When I was 8 or 9, I wrote a note and placed it in a bottle made of green glass. Then I carefully set it into the current of the Willamette River, imagining it traveling onward to the Columbia, and then finally, plopping into the Pacific Ocean. And then, I waited. What I hoped for – was a pen pal, from far across the ocean.
Instead, just over 6 months later, I received a package in the mail. I opened it to find my bottle, cork, tin foil, string and two letters: the one I had written, plus one from the sender of the package. I learned that my bottle and note were found by a man living in West Linn. In his letter, he calculated not only how many river miles the bottle had traveled from our dock in Wilsonville to where he found it in West Linn near today’s Cedar Oak boat ramp, but he calculated its approximate daily mileage. Imagine: my bottle was carried over the Willamette Falls. The man must have been an adventurer himself, as he explained in his letter that he decided to return the bottle, cork, string and foil, so that I could try again, and just maybe – it might travel farther. But I never did, although I kept the letters.
Some 25 years later as a working mom raising two small daughters in West Linn – daughters who would in fact attend Cedar Oak Elementary School – I remembered those letters. And I dug them out of my past, searching for the man’s return address. I had begun to wonder just where the finder of my bottle might have lived. One afternoon, on a lark, I sought out his house, and found it to be only a mile or two away from my own. When I knocked on the door, leaving my young daughters waiting in the car, the door was opened by a man just a bit younger than me; the son of the author of the note. I gave him the note his father had written, thinking what a special thing it might be now that his father (if I remember right) had passed on. I remember being a bit disappointed that this son wasn’t as excited as I to connect. And today I wonder why I didn’t make myself a copy of the letter? Perhaps as a busy mother, at the time it was the last thing on my mind. And today, I can’t exactly remember which house was his that I visited down off Marylhurst Drive.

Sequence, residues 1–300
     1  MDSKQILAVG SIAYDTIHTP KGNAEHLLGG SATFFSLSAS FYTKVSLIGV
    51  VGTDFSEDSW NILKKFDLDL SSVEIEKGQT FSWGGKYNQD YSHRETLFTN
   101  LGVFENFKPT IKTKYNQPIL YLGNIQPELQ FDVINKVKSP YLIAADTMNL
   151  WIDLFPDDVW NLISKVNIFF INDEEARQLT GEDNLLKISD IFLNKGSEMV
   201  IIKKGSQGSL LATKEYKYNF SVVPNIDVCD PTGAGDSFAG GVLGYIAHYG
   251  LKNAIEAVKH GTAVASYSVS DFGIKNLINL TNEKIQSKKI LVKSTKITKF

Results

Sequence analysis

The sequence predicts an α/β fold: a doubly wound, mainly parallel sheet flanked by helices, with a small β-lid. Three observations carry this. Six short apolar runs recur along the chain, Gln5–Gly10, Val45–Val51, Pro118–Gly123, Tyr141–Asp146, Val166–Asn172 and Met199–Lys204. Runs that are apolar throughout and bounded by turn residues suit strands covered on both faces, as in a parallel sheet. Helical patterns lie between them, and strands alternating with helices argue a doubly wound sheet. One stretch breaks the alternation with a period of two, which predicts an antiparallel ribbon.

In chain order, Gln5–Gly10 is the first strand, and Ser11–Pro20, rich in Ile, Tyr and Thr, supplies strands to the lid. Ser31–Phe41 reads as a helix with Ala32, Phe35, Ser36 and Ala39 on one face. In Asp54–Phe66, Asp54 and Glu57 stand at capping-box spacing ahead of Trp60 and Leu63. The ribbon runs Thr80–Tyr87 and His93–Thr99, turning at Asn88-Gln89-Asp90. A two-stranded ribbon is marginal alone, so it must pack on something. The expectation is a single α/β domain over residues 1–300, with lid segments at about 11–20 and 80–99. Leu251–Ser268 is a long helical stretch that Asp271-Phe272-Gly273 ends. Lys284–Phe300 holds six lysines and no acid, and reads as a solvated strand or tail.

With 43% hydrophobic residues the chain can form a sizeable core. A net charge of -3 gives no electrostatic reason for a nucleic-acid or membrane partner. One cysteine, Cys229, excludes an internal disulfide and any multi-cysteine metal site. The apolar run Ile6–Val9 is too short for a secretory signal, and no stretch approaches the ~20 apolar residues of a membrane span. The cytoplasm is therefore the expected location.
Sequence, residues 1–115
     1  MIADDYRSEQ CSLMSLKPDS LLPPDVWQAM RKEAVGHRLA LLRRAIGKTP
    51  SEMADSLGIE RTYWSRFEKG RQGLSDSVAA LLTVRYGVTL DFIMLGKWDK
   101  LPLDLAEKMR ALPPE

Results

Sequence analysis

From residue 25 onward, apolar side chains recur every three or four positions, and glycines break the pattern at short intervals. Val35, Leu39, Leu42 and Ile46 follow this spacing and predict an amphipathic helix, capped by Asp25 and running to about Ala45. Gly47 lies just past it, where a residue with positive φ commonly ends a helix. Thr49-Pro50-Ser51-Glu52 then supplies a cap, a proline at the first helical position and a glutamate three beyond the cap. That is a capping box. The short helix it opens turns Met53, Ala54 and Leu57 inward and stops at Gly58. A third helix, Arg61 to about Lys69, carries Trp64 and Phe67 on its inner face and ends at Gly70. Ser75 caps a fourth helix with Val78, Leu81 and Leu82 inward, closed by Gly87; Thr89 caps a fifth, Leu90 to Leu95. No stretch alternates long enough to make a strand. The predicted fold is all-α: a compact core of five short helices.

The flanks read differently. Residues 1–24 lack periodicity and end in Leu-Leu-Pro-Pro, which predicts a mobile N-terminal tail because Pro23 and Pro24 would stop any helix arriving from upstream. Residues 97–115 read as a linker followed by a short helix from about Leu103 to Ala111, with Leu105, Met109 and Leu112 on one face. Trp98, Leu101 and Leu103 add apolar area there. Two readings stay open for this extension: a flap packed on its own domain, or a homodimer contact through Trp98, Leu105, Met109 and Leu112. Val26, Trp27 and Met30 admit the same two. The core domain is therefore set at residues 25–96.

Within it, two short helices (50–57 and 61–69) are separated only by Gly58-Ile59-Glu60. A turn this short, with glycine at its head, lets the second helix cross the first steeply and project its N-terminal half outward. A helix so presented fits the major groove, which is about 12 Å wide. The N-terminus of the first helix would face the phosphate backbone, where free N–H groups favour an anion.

My own bottle story got me wondering about other bottles carrying notes along our waterways. It was easy for me to learn about Thomas, a young Oregonian from Silverton who six years ago, received media attention after he placed a note and bottle offshore in Winchester Bay. This bottle travelled across the Pacific Ocean all the way to Hawaii! Imagine. And he too received a response, but by email rather than snail mail, beginning a new pen pal friendship with a girl named Trinity.
A bottle carrying a note: an image that incites us to imagine adventure. To meet new people in far away lands. And for me, a memory that finds me in a place eager to begin another writing project. A not fully remembered memory, that just may bloom into something far grander with possibilities still unimagined and uncreated by me. Yet.
What about you? Have you ever found a bottle with a note? Or did you write one yourself, and set it carefully in a moving current to always wonder if it was ever found?
Learn more about Dede’s 2019 novel: Beyond the Ripples.
And guess what? The character who puts the note in the bottle in Beyond the Ripples returns in Dede’s 2022 short story collection, Humanity’s Grace.
8 thoughts on “A note in a bottle”
What a wonderful story. Endings are not always as we’d plan them. Sometimes they are beginnings that we didn’t anticipate. May your message travel far and continue open hearts to new adventures.
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